Peak & Prairie
February / March 1998
Loving the White River National Forest to Death
by Amy Hadden Marsh
These days, playing in the woods may be tantamount to environmental destruction. Recent Roaring Fork Valley statistics show a population increase of approximately 11.4% in Pitkin County, 38% in Garfield County, and 37% in El Jebel and western portions of Eagle County since 1990. Housing developments, ranging from lower income employee housing to 7,500 square foot trophy mansions, are on the rise from Aspen to Rifle. Aspen Glen and River Valley Ranch, two developments currently under construction near Carbondale, promise a combined total of 1,885 housing units upon completion. Another proposed development west of Glenwood Springs near Silt boasts a total of 1,200 units. These developments alone stand to increase the local population by an estimated 8,000 people. Recreationists have long been attracted to the area's internationally-renowned alpine terrain and world-class skiing. The local population boom, however, may be turning recreation into a threat, adding impacts to an already fragmented landscape. Once-remote forest retreats are being inundated by tourists and residents alike whose desire for a "Western Colorado outdoor experience" has made headlines. We are all loving our forest to death at a time when the United States Forest Service (USFS) has no method for determining the amount of recreational use on the Forest or its environmental effects.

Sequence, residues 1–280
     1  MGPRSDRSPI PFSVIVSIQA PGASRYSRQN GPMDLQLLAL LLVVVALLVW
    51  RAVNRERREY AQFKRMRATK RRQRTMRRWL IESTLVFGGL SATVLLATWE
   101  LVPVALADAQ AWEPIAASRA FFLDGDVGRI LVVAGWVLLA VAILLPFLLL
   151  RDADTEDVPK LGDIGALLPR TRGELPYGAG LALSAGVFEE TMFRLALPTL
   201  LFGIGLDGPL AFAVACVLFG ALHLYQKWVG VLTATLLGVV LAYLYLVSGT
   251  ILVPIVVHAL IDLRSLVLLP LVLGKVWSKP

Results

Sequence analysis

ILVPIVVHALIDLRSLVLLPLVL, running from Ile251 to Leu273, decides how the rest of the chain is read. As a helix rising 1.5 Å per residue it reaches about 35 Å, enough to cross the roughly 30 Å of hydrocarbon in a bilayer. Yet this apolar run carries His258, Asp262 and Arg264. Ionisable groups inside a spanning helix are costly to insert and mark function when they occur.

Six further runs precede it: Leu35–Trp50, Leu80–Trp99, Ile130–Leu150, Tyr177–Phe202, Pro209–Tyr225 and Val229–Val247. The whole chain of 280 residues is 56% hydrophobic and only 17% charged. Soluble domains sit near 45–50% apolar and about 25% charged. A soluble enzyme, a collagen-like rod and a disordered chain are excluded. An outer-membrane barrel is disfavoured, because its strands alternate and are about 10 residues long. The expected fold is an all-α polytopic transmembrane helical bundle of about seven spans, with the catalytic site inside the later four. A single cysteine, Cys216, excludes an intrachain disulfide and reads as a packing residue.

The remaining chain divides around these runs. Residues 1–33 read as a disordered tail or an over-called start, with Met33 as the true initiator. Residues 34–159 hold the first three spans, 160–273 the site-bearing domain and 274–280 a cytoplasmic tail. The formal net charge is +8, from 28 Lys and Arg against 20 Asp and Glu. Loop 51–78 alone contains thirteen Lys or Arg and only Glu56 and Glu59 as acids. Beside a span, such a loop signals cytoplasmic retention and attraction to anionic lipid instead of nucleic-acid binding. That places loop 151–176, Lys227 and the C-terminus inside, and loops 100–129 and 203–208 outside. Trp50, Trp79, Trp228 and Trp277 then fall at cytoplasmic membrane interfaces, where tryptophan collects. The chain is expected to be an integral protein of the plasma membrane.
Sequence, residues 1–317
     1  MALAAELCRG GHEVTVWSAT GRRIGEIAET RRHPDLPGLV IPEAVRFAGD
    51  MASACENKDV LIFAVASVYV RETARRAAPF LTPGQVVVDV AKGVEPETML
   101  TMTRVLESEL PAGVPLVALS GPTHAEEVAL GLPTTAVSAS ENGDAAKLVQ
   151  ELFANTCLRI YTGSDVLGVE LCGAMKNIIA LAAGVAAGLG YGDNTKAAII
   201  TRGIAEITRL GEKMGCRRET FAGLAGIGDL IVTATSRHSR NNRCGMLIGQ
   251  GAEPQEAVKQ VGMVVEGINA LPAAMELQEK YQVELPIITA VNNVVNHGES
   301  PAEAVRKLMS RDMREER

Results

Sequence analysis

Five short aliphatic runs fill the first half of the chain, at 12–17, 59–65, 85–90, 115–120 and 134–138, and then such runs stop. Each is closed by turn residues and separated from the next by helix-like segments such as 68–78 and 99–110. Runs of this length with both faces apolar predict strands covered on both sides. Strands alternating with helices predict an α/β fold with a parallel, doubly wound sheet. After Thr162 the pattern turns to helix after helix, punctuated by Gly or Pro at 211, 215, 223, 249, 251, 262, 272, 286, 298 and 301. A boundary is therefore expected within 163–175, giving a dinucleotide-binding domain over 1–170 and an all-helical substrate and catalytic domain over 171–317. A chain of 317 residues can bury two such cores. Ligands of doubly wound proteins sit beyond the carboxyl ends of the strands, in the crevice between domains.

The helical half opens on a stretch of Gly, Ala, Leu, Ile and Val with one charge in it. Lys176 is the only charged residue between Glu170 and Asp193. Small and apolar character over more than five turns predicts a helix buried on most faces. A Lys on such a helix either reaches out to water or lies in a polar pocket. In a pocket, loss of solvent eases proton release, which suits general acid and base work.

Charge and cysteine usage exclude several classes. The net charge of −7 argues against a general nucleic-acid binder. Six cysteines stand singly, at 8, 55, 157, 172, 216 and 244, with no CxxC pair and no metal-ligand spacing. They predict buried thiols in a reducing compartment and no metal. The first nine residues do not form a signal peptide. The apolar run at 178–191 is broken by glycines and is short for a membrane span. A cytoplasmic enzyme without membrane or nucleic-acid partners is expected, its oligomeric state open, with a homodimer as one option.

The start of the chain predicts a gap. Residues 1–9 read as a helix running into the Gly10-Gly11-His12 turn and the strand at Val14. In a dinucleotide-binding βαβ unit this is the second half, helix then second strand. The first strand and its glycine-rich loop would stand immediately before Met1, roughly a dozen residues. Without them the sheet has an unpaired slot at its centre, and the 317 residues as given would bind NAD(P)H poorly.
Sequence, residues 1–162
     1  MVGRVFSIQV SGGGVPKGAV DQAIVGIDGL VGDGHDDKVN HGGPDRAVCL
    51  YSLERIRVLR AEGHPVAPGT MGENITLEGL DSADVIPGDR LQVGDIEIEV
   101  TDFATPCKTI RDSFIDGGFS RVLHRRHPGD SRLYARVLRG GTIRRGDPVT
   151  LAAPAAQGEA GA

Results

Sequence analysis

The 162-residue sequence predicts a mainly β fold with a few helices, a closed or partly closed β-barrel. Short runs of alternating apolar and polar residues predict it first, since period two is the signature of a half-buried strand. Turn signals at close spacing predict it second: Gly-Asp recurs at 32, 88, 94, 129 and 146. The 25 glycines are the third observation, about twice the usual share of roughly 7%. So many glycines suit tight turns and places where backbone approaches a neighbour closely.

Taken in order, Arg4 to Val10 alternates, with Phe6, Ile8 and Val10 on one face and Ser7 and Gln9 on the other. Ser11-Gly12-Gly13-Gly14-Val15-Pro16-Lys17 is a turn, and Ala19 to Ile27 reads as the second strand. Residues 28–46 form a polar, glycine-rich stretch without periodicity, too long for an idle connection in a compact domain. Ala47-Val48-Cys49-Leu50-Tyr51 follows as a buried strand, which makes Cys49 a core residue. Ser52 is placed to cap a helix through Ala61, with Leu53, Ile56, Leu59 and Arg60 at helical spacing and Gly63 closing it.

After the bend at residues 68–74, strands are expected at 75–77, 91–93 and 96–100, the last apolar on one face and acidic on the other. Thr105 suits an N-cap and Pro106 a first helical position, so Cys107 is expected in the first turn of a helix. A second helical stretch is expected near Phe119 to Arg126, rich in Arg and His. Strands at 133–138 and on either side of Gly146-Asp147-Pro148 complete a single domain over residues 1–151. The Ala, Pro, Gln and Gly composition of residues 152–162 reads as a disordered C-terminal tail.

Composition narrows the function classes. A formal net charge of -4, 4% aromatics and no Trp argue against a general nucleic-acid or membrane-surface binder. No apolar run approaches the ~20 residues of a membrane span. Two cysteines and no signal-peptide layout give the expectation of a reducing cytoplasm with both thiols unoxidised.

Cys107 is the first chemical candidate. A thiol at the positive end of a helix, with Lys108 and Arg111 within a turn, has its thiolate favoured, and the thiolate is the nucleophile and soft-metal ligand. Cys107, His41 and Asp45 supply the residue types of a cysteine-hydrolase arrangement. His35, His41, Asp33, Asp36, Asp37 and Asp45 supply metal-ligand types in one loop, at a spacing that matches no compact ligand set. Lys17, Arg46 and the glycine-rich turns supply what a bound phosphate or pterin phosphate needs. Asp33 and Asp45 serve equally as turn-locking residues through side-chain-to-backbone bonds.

The Mt. Sopris Group of the Sierra Club covers Pitkin and Garfield Counties. As the result of increased Forest use, several urgent local issues are currently competing for that Group's Group's attention.
The Basalt Mountain
The Sierra Club is opposed to this sale which would open 1,400 acres (41% of the mountain) to several types of clear-cutting. The current USFS Environmental Impact Statement on the sale does not address the significance of the mountain's ecosystem in relation to increasing local development and population, nor does it include a plan to manage the impacts of increased recreational use. 41% of the mountain is too much to cut. It is the last uncut area of the mountain other than rock falls, clearings, and steep slopes. Some areas were cut in the 1980's and subsequent damage, such as noxious weed infestation, ineffective road closures, and hazardous jack-strawed timber, has not been addressed. Large scale timber cutting will do nothing but perpetuate existing problems. The Mount Sopris Group has urged the Forest Service to cancel the proposed sale until problems created by past timber sales have been resolved. The Club also believes that natural processes of mountain ecosystems must be allowed to govern forest health.